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November 13, 2002

Antioxidants and Risk of Alzheimer Disease

Author Affiliations

Letters Section Editor: Stephen J. Lurie, MD, PhD, Senior Editor.

JAMA. 2002;288(18):2265-2266. doi:10.1001/jama.288.18.2265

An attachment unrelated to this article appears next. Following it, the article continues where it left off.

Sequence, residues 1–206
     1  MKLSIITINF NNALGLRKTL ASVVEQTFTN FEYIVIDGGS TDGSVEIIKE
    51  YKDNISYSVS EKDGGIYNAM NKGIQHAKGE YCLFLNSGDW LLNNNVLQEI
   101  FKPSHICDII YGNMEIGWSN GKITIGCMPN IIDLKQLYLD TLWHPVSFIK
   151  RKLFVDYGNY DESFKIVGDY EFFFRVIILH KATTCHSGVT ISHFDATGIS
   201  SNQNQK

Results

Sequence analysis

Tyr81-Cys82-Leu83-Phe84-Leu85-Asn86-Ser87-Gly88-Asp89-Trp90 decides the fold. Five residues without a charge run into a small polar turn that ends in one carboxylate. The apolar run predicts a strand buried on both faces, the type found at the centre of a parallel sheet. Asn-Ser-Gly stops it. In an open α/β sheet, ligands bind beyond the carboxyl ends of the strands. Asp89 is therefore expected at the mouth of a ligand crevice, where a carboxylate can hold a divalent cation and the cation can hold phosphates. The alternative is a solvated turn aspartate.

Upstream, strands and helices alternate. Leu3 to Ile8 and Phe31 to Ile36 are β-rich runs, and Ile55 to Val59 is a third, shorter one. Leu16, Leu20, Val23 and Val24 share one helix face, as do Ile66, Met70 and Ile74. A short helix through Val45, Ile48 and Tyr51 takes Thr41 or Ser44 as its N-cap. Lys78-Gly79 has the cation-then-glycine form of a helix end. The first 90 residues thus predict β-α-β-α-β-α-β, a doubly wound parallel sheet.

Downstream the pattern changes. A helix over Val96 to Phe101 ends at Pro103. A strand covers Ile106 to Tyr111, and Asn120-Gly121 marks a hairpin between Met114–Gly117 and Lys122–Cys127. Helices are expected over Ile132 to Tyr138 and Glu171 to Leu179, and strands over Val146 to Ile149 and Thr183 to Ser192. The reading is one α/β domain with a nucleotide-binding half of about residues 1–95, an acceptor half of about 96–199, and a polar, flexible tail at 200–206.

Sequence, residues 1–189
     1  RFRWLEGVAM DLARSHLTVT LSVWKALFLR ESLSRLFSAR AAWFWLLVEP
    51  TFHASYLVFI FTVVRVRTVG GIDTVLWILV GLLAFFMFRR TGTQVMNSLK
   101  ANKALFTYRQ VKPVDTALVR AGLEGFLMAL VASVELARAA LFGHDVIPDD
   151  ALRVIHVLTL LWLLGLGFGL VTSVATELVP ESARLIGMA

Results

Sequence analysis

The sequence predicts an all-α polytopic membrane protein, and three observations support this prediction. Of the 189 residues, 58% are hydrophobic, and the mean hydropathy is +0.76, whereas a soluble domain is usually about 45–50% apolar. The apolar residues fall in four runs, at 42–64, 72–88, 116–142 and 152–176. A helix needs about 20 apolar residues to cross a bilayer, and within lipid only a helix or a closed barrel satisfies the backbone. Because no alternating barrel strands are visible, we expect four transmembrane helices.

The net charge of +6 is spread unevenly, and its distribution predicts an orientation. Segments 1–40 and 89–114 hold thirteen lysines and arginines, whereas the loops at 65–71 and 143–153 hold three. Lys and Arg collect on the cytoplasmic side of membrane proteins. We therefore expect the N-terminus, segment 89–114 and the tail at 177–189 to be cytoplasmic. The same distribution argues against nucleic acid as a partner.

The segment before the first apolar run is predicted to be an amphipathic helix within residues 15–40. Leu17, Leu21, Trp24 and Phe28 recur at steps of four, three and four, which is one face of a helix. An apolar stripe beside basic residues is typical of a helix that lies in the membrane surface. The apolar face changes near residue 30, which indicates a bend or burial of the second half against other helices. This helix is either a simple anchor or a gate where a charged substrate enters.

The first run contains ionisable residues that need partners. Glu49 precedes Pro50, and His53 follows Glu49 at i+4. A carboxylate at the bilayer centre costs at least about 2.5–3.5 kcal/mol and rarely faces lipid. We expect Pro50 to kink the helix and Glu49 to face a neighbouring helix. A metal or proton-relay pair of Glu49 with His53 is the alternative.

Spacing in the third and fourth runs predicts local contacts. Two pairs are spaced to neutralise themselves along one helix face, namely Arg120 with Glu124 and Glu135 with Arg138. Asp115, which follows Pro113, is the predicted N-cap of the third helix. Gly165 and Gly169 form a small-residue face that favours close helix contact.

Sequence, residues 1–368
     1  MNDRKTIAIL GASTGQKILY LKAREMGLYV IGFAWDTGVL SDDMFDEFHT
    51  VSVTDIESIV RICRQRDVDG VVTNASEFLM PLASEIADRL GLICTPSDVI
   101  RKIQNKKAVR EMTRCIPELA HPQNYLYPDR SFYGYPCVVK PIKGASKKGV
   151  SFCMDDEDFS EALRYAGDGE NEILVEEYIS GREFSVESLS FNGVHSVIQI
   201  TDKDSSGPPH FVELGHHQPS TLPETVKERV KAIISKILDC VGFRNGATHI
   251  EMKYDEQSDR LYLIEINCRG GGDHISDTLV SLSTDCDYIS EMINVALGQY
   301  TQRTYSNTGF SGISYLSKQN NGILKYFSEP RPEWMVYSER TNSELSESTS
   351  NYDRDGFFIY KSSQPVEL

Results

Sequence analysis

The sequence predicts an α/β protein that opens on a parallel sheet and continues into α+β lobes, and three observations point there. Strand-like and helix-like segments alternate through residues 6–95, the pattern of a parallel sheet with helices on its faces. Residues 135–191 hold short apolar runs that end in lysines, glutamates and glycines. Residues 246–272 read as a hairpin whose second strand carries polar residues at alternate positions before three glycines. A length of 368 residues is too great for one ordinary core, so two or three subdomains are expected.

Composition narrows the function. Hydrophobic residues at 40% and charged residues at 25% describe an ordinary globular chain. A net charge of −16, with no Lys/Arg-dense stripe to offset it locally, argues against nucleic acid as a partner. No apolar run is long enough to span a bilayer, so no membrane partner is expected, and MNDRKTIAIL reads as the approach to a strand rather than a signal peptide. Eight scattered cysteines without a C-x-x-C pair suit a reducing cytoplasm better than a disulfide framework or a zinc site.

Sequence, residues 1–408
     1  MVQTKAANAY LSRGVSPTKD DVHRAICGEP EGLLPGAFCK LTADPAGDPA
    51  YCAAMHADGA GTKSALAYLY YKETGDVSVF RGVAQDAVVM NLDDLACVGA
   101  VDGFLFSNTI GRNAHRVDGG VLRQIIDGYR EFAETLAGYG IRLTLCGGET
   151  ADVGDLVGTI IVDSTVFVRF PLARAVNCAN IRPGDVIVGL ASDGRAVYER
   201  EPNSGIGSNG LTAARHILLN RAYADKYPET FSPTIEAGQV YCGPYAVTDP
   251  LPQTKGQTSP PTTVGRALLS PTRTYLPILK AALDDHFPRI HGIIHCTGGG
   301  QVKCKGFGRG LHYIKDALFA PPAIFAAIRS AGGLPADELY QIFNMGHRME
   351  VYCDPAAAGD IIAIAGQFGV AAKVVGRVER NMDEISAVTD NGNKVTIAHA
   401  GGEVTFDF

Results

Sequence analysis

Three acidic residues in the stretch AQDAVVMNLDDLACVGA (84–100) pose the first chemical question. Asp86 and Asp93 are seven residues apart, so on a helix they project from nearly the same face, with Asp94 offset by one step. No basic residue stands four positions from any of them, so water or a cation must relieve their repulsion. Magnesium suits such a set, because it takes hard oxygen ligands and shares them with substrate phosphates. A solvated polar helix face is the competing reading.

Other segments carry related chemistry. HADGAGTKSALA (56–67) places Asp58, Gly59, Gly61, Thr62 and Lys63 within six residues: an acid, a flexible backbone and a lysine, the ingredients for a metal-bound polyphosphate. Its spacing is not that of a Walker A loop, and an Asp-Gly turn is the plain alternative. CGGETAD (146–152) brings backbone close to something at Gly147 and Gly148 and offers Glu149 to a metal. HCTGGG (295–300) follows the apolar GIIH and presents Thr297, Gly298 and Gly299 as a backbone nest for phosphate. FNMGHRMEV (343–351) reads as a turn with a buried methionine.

To the Editor: Dr Morris and colleagues1 and Dr Engelhart and colleagues2 found an inverse relationship between intake of vitamin E from food, but not from supplements, with risk of Alzheimer disease (AD).3 I would like to suggest a mechanism for this finding. The predominant dietary form of vitamin E, γ-tocopherol, but not the form found in supplements, α-tocopherol, has been demonstrated to inhibit cyclooxygenase 2 (COX-2) production of prostaglandin E2 in macrophages and epithelial cells.4 Long-term use of nonsteroidal anti-inflammatory drugs (NSAIDs) and COX-2 inhibition may protect against AD.5 The same mechanism could explain the benefit of foods high in vitamin E.